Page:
On 1 June, we convened the G20 Dialogue on Trustworthy Artificial Intelligence in Pandemic Response to share practical insights. It clarified policy approaches to applying AI in health and education, including addressing the privacy-transparency challenge of respecting patients’ data while leveraging the data’s full potential to inform AI applications.
Strengthening the foundations of our digital future
Our work culminated on 22 July with our ministerial declaration. We reached consensus on increasingly significant digital policy issues in national competitiveness and security. We were determined to advance the shared interests of our people in a thriving, inclusive and trustworthy digital economy. We achieved agreement in five areas:
Trustworthy AI: We reaffirmed our commitment to promoting a human-centred approach to AI with the development of Examples of National Policies to Advance the G20 AI Principles to help policymakers operationalise the principles, including through guidelines, tools and standards for implementation.
Data free flow with trust and cross-border data flows: Capturing the benefits of greater productivity, innovation and sustainable development requires trusted cross-border data flows. We recognised the importance of sharing experiences and good practices for data policy and strengthening the interface between trade and the digital economy, particularly at the World Trade Organization.
Smart cities: We encouraged the development and deployment of digital technologies for human-centric, environmentally sound, sustainable and inclusive smart cities. We thus welcomed the G20 Smart Mobility Practices to provide guidance and best practices.
Measurement of the digital economy: We welcomed the G20 Roadmap toward a Common Framework for Measuring the Digital Economy. It contributes to closing implementation gaps, especially in developing economies, strengthening indicator comparability and enhancing evidence-based policymaking. We recognised the Saudi presidency’s proposal for defining elements for measurement purposes and the importance of representative indicators related to jobs, skills, digital literacy and growth to monitor the social and economic impacts of the digital economy and ensure no one, including women and girls, is left behind.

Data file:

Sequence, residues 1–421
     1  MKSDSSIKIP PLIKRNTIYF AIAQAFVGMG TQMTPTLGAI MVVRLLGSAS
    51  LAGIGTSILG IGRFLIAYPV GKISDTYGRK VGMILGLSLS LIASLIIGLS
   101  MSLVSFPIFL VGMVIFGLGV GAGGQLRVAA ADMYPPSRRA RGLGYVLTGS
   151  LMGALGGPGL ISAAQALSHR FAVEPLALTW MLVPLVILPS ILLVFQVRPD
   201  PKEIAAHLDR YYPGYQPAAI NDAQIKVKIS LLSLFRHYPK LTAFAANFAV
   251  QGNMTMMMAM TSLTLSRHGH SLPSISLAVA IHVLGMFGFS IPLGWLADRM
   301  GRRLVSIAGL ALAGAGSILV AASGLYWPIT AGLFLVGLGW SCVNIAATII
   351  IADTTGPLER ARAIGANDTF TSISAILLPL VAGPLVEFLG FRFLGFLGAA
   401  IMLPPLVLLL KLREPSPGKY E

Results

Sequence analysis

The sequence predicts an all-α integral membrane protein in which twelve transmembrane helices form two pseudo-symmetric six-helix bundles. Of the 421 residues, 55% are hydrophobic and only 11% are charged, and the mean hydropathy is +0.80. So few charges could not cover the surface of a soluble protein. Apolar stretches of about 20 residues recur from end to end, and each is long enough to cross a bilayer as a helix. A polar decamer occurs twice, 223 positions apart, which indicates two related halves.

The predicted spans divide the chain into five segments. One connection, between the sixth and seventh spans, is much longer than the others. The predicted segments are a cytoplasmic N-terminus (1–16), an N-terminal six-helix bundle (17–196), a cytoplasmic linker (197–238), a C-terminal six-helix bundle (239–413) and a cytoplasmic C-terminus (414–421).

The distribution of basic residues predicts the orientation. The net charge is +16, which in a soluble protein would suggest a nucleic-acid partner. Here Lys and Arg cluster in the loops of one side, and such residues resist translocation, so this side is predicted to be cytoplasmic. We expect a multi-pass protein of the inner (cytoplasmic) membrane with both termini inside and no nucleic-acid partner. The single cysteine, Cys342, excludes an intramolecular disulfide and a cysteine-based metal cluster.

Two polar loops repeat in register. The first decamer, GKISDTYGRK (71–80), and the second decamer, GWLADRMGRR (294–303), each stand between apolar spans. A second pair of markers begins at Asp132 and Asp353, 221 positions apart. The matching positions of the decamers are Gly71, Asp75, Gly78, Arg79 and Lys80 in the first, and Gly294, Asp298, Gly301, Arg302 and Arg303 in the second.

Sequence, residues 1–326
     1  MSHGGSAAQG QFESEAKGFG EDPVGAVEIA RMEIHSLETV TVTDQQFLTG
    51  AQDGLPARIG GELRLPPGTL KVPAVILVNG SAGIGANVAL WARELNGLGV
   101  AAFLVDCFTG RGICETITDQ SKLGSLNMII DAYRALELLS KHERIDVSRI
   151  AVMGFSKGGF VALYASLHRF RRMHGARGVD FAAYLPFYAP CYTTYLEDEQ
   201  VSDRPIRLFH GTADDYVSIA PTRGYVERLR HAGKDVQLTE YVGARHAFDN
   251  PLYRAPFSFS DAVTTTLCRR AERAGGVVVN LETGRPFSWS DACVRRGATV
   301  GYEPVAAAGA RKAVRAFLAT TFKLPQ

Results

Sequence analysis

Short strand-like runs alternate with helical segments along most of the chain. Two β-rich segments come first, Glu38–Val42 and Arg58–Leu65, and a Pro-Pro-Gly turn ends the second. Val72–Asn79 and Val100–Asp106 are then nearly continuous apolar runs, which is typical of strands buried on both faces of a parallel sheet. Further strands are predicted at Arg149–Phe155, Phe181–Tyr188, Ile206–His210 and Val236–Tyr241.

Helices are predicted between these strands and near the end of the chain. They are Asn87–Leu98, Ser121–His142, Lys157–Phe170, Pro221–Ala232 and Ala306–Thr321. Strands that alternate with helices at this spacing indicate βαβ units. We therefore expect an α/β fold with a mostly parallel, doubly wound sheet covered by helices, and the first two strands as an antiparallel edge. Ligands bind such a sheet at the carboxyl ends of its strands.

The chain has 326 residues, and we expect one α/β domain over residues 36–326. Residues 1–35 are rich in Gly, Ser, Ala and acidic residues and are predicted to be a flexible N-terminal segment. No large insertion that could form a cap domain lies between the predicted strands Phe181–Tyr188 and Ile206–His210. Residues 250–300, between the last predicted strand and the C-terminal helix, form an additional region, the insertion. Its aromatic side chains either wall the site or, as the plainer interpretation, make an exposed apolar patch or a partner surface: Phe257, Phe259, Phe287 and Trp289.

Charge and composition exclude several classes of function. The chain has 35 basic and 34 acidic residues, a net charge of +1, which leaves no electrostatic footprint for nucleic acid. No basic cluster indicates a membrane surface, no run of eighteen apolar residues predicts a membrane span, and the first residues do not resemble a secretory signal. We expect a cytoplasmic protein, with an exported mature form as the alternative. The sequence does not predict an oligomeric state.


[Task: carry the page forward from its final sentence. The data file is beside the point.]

Security in the digital economy: We committed to advance security in the digital economy and welcomed the G20 Examples of Practices Related to Security in the Digital Economy, a practical resource for mitigating security and systemic risks. The Saudi presidency also hosted the first G20 Cybersecurity Dialogue, with inclusive, multi-stakeholder discussions on security risks, challenges and opportunities.
This year was remarkably productive for the DETF. Responding to the pandemic, we agreed on urgent priorities, developed policy options for increasing resilience and convened the first G20 AI Dialogue on pandemic response. Our ministerial declaration defined paths forward for AI, measurement of the digital economy and smart cities. Security in the digital economy was central to our discussions.
The DETF plays a vital role in ensuring we create a global digital economy worthy of future generations. We have seen this year the extent of polarisation, the depth of the digital divides and their vast human cost. We now see the tremendous urgency to harness the digital economy and technologies as instruments of inclusion. We must learn from the current crisis to accelerate the transition from the fourth industrial revolution to the fifth – the revolution of trust.